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Ads (both intentional and unintentional)

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I'd first like to say VJ is a great site and I'm indebted to it for all the amazing advice, tips, and guides its provided during the years of dealing with US immigration processes. So, thanks! I visited the site today for the first time in months, maybe even a year, to reply to an old post and noticed two things regarding ads. These aren't really complaints, as aside from replying to an old thread of mine someone quotes I don't have any intention of visiting this website again (no hard feelings, I'm just thankfully done with USCIS). I just thought you might want to know.

 

1. There are malicious pop-up ads that appear on this site, it seems. It looks like this has been discussed before (there's a thread here), but it was never address as as VJ-based issue, people were mostly under the impression it was their browser. If visajourney.com is serving malicious pop-up ads it has been compromised in some way, and you should really look into how to fix it. It's not only annoying but dangerous for users who don't know any better. The pop-up I kept receiving led me here: THIS IS SPAM, CLICK KNOWINGLY, which I really doubt is a legitimate Adobe Flash update (does anyone even use that anymore?).

2. Since I've last used the site it looks like there are legit, VJ-approved ads being shown that are inserted at random intervals inside user's posts. This can apparently happen within their actual post, or their signature. While I understand the apparent need for ads to maintain the site, this seems like a really huge breach of trust and speech on behalf of the users, as their authored posts are being injected with ads they have no knowledge of. I've seen lots of bad practices for serving ads but this seems really bad. I guess if it's never come up people don't seem to care, but I can't help but add at least add one voice of disapproval for this. Especially with a potential crowd of people viewing the site who potentially aren't internet/web advertising literate it seems really unfair to place ads offering various services (which you've experienced in the past you have little control over) in amongst the advice they are giving to other members.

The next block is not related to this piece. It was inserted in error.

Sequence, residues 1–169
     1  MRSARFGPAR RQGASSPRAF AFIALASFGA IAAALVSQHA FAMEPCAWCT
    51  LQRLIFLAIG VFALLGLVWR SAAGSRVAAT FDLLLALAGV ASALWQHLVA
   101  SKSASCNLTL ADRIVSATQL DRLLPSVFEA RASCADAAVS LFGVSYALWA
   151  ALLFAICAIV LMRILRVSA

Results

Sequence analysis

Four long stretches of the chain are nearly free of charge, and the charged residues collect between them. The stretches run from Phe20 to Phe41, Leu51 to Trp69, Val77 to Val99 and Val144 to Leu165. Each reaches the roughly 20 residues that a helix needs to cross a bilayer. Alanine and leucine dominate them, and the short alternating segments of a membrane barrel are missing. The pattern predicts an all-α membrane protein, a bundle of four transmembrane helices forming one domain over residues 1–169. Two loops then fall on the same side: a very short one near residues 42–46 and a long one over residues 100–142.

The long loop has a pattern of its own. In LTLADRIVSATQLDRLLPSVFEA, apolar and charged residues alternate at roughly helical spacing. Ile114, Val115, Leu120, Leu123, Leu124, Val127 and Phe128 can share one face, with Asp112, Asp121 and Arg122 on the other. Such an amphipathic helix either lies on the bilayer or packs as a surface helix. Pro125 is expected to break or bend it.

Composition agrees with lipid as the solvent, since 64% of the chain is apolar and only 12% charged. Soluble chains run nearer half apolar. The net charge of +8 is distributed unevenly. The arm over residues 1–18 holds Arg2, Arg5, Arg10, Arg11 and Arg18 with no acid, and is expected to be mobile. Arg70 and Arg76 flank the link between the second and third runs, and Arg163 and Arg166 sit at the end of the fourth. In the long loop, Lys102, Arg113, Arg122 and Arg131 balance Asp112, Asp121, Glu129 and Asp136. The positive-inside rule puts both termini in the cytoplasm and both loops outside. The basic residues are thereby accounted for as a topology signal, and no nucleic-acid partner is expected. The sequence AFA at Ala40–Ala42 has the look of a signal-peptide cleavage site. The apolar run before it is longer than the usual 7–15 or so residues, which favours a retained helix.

As mentioned, I post this not as a complaint but just letting you know. Obviously feel free to ignore!

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29 minutes ago, jjjdddlll said:

I'd first like to say VJ is a great site and I'm indebted to it for all the amazing advice, tips, and guides its provided during the years of dealing with US immigration processes. So, thanks! I visited the site today for the first time in months, maybe even a year, to reply to an old post and noticed two things regarding ads. These aren't really complaints, as aside from replying to an old thread of mine someone quotes I don't have any intention of visiting this website again (no hard feelings, I'm just thankfully done with USCIS). I just thought you might want to know.

 

1. There are malicious pop-up ads that appear on this site, it seems. It looks like this has been discussed before (there's a thread here), but it was never address as as VJ-based issue, people were mostly under the impression it was their browser. If visajourney.com is serving malicious pop-up ads it has been compromised in some way, and you should really look into how to fix it. It's not only annoying but dangerous for users who don't know any better. The pop-up I kept receiving led me here: THIS IS SPAM, CLICK KNOWINGLY, which I really doubt is a legitimate Adobe Flash update (does anyone even use that anymore?).

2. Since I've last used the site it looks like there are legit, VJ-approved ads being shown that are inserted at random intervals inside user's posts. This can apparently happen within their actual post, or their signature. While I understand the apparent need for ads to maintain the site, this seems like a really huge breach of trust and speech on behalf of the users, as their authored posts are being injected with ads they have no knowledge of. I've seen lots of bad practices for serving ads but this seems really bad. I guess if it's never come up people don't seem to care, but I can't help but add at least add one voice of disapproval for this. Especially with a potential crowd of people viewing the site who potentially aren't internet/web advertising literate it seems really unfair to place ads offering various services (which you've experienced in the past you have little control over) in amongst the advice they are giving to other members.

 

As mentioned, I post this not as a complaint but just letting you know. Obviously feel free to ignore!

Quick note on #1.  These ads come and go and are from downstream networks.  They are a plague to the internet and hard to stop at times.  We need data from the actual user to debug.  This does not indicate anything wrong on our servers (just a bad actor showing a bad ad from downstream).  Reference here for more information:  https://www.wired.com/story/pop-up-mobile-ads-surge-as-sites-scramble-to-stop-them/